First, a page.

This lesson goes over the definition of a long bone and explores its characteristics. Then, it names and locates the various long bones found in the human body.
Bones of the Body
You’ve got flat ones, short ones, long ones, and accessory ones.
Nope, these have nothing to do with tools in your garage. These are different types of bone. Or, to put it another way, the different ways your bones can be classified.
In this lesson you’re going to learn about the long bones of the human body. These are probably the ones most commonly associated with the word ‘bone.’
What Are Long Bones?
A long bone is a category of bone classified mainly with respect to its shape, rather than its size.
There are many long bones in the human body, but they all share certain characteristics. For example, all long bones have a cylindrical shaft that is longer than it is wide, are slightly curved in nature, and have two extremities (or ends) that are typically expanded.Having a hard time picturing this? Think of a walking stick with a knob at the end where the hand holds the stick and a tennis ball at the other end of the stick. That’s sort of what your stereotypical long bone looks like in terms of its general shape.
Names of Long Bones
What’s important to reiterate is that long bones are classified with respect to shape, not size. Some long bones are much shorter in length than others but this doesn’t mean they are necessarily classified as a short bone, which is another category of bone separate from a long bone.The locations of the majority of the longs bones are easy to remember: they are in the arms, hands, legs, and feet.
A large number of the bones in these places are long bones.The long bones of the arm include:
- The metacarpals, or the bones of the palm (not the wrist)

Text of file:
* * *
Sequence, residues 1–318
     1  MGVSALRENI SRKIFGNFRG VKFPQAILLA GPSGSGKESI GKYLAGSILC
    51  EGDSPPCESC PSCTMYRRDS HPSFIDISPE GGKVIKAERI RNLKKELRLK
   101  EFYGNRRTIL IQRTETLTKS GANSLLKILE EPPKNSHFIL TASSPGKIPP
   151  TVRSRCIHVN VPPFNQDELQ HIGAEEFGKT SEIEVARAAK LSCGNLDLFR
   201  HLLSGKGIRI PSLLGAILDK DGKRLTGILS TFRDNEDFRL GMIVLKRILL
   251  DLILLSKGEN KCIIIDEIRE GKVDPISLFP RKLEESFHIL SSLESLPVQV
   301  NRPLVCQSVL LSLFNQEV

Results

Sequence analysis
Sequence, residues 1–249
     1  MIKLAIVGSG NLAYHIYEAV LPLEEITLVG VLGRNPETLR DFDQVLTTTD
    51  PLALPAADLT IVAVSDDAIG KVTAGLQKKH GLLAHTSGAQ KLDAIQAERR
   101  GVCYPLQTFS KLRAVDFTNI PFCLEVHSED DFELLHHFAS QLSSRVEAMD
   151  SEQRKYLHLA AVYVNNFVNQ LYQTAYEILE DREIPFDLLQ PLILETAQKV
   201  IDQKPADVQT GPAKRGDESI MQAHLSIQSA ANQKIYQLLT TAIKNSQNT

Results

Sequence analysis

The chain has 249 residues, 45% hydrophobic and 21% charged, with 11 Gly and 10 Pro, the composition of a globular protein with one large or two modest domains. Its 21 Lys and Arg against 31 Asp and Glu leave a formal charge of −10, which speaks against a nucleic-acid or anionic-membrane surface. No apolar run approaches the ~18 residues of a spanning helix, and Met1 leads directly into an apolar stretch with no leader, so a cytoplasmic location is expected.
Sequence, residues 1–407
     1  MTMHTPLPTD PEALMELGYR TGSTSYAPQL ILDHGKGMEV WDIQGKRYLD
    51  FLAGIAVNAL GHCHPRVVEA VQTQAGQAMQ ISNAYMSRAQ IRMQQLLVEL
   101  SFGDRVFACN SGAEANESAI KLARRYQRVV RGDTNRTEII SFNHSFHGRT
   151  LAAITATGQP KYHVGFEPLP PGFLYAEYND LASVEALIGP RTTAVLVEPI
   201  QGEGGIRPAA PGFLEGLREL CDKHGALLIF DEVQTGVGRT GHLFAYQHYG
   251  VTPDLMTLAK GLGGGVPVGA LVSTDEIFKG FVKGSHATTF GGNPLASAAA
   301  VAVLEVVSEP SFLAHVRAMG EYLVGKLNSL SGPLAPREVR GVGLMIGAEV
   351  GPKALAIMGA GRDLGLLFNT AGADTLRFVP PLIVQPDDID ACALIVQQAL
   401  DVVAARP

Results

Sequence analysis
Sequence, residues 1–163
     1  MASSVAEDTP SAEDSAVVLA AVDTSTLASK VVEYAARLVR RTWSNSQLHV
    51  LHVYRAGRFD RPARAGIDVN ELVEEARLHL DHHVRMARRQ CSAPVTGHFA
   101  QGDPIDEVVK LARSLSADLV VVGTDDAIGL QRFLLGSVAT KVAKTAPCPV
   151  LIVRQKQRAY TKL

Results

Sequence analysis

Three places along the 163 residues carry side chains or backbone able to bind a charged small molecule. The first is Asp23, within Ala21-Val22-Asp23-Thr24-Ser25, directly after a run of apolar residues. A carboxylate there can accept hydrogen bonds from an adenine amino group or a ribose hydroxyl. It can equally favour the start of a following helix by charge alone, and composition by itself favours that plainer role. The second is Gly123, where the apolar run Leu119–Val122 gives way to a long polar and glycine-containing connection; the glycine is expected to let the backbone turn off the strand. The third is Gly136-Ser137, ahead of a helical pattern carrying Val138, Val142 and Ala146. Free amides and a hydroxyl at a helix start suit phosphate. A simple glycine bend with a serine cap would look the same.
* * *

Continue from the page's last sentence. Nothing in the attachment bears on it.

- The phalanges, or the bones that make up your fingers
- The humerus, or the bone that makes up the upper arm, running from the shoulder to the elbow
- The ulna, which is the bone that gives your elbow its pointy shape and makes up part of the lower arm
- The radius, or the other bone that makes up part of the lower arm, running from the elbow to the wrist
The long bones of the legs include:
- The femur, or thigh bone. This bone is right underneath your pelvis when you stand.
- The tibia, or the shin bone. The tibia is right below the femur.
- The fibula, which is the calf bone. This is right next to the tibia.
- The metatarsals, or the bones of the foot that lie closest to the toes (not the heel), and
- The phalanges, or the bones that make up your toes. Note how these bones, although way shorter than the thigh bone, are still long bones. Why? Well, as mentioned before, it’s all about shape, not size!
While pretty much all the long bones are found in your arms and legs, there is one notable exception: the clavicle, or collarbone, is a long bone crossing the top of your chest.
Let’s review what we’ve learned…A long bone is a largely cylindrical bone with a slightly curved shape, a shaft that’s longer that it is wide, and extremities that are generally expanded.The long bones include:
- The femur, or the thigh bone
- The tibia, or the shin bone
- The fibula, or the calf bone
- The metatarsals, or some of the bones of the foot
- The metacarpals, or the bones of the palm
- The phalanges, or the bones that make up your fingers and toes
- The humerus, or the bone of the upper arm
- The ulna, or the bone of the lower arm
- The radius, or the other bone of the lower arm
- The clavicle, or the collarbone